While a jihadist held hostages at a downtown Sydney coffee house, leftist activist Rachael Jacobs saw a “presumably Muslim woman” on the subway take off her headscarf, which Jacobs further presumed was out of fear of being targeted by “Islamophobes” as news of the siege broke. Jacobs then recounts approaching the woman, urging her to put her headscarf back on, and offering to walk with her to her destination to make her feel more comfortable. The story inspired the Twitter hashtag #illridewithyou (as in “I’ll ride with you”), which was dreadfully popular among those who thought the real victims of the siege were Muslims who might get dirty looks on the subway.

Except that the original story wasn’t true. It was “editorialized,” and it’s unclear from Jacobs’s current version of the story whether she even spoke to the woman at all, for fear of seeming “tokenistic and patronizing.”

Climatologists were caught omitting 80 years of data in order to support a bogus claim that global warming is causing deadly acidification of the oceans.
Read more here.

'Tehran is a large, sophisticated country.'

That is what President Obama said in an interview with one of his favorite media arms, NPR. NPR conducted the interview on December 18, but held its release until now, I guess for an end of the year impact. Read more on the interview here.

Thanks to Betsy's Page.

GOP Establishment attacks Senators Lee and Cruz

Ronald Reagan governed with bold colors, pointing out the differences between Republican and Democrat visions, and liberty versus Communism visions. Jeffrey Lord writes:
Reagan politics are nothing but the politics of the happy warrior – optimistic, upbeat and determined.

Lord points out that we are now seeing
the opening round in the next two years’ worth of assaults on Reagan Republicans by status quo Ford/Bush Republicans. These are the representatives of what Reagan used to call the “fraternal order” Republicans, the people who prefer for reasons as much social as political to advocate for the Democrat-lite position that has wound up over the decades proving itself to be both a governmental and political disaster.

He shows how defeated Republican moderate Senators Sununu and Bennett are attacking Senators Ted Cruz and Mike Lee:
The Cruz action last year that led to the Obama shutdown was, claimed one Establishment Republican after another, a disaster from which the GOP would not recover. Yet this fall conservatives swarmed to the polls electing the biggest House GOP majority since 1928 and re-taking the Senate with nine new GOP senators. The Reagan-style message Ted Cruz has been sending was received by voters. But not by John Sununu.

This is the exactly the same mentality that Ronald Reagan himself challenged throughout his political career. In the day, as with Ted Cruz and Mike Lee now, Reagan was pilloried as an extremist. As late as March of 1980, ex-GOP President Gerald Ford, the epitome of the Establishment Republican, was telling the New York Times Reagan was too extreme ever to be elected president. Suffice to say, he was not just wrong but humiliatingly wrong. It stung, too. Ford insisted in 1976 only a GOP moderate like himself could defeat Jimmy Carter. Ford lost. Four years later in 1980 Reagan conservatism carried 44 states. As would later surface in a posthumous book of interviews with Ford by former Newsweek reporter Tom DeFrank, Ford had “contempt” for Reagan. Shades of Jon Huntsman Sr.’s feelings for Mike Lee.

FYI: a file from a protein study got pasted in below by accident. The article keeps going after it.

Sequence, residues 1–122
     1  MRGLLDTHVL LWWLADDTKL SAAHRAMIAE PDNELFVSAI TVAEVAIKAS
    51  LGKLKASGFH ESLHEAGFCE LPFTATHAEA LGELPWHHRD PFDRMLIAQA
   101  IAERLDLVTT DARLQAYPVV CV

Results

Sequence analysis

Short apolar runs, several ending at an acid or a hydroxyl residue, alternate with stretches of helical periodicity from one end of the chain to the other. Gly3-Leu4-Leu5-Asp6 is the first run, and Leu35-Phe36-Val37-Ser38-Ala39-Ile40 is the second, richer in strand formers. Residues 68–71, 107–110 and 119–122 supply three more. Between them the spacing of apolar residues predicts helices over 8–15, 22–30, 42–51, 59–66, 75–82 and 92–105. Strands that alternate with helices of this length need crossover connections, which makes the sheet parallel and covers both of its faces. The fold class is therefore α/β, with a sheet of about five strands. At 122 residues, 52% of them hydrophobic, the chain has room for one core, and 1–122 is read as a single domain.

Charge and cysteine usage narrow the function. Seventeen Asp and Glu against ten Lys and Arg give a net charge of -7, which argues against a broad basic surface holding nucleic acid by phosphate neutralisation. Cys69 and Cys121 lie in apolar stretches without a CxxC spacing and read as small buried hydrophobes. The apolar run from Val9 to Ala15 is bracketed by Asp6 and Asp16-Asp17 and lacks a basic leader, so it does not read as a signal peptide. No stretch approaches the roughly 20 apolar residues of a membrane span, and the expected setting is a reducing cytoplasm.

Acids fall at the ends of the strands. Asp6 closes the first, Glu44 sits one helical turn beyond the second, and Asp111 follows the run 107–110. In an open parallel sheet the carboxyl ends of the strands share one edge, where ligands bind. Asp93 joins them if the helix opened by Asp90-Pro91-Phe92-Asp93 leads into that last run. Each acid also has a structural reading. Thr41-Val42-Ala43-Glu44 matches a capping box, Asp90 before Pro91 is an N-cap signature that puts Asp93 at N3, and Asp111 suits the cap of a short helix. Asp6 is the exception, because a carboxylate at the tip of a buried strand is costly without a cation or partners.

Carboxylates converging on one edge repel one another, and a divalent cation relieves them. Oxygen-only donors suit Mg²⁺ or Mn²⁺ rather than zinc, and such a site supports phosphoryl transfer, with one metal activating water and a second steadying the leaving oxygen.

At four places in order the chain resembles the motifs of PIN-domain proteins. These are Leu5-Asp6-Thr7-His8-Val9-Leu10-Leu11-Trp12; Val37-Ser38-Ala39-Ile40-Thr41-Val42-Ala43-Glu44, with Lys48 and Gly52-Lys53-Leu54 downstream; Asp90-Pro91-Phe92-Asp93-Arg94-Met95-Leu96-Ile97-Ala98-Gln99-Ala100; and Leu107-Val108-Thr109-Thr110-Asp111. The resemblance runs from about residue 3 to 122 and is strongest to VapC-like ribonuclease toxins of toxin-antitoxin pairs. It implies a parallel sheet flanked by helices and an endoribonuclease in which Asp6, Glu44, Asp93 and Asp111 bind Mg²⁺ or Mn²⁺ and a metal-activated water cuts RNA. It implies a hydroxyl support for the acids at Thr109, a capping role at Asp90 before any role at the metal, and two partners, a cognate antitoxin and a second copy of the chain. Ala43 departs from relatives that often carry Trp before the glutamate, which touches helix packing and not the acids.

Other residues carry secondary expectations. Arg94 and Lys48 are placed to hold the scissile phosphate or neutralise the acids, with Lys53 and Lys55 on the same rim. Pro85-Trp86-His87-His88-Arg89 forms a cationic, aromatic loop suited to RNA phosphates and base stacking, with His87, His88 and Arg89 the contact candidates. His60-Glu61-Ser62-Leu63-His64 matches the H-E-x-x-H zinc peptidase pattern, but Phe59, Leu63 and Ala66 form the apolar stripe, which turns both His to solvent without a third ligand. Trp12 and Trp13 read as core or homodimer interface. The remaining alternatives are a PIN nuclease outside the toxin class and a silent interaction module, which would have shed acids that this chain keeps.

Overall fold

So as America heads into the Christmas holidays, here we go again with attacks on Reagan conservatives like Ted Cruz and Mike Lee by the GOP Establishment. One would think that by now the Sununus, Bennetts and Huntsman Srs. of the world would have learned that the politics of timidity and defending the status quo are, as mentioned, not merely political losers but devastatingly bad government. Embarrassingly, apparently not.
Read more here.
Thanks to Christopher Buckley

He tells the truth: why does everybody hate him?

Jonathan Gruber has a way of speaking that is blunt and clear. Here is a link to a pdf of a policy brief he wrote in 2009, admitting that The Affordable Care Act has no cost controls.
"That’s why I say, let’s not let the perfect be the enemy of the good.
Let’s get the bill done now that covers people for health insurance, and then let’s move forward to cost control as we can do it, as we go along."

Thanks to Christopher Buckley

Don't accept every invitation

To do what you may ask? But this MILF is the Moro Islamic Liberation Front, which makes them the MILF. Perhaps it’s time for a name change?
Posted by Paul Gallagher at Dangerous Minds.

13 years at number one

Here are a couple of graphs showing how the cable news networks did in day viewers and prime time viewers.

Read more here.
Thanks to Christopher Buckley

Fighting for people

How has the Obama presidency worked out for us in the 99 percent?
According to University of California, Berkeley, economist Emmanuel Saez, 95 percent of all recovery gains have accrued to the much-vilified “top 1 percent.”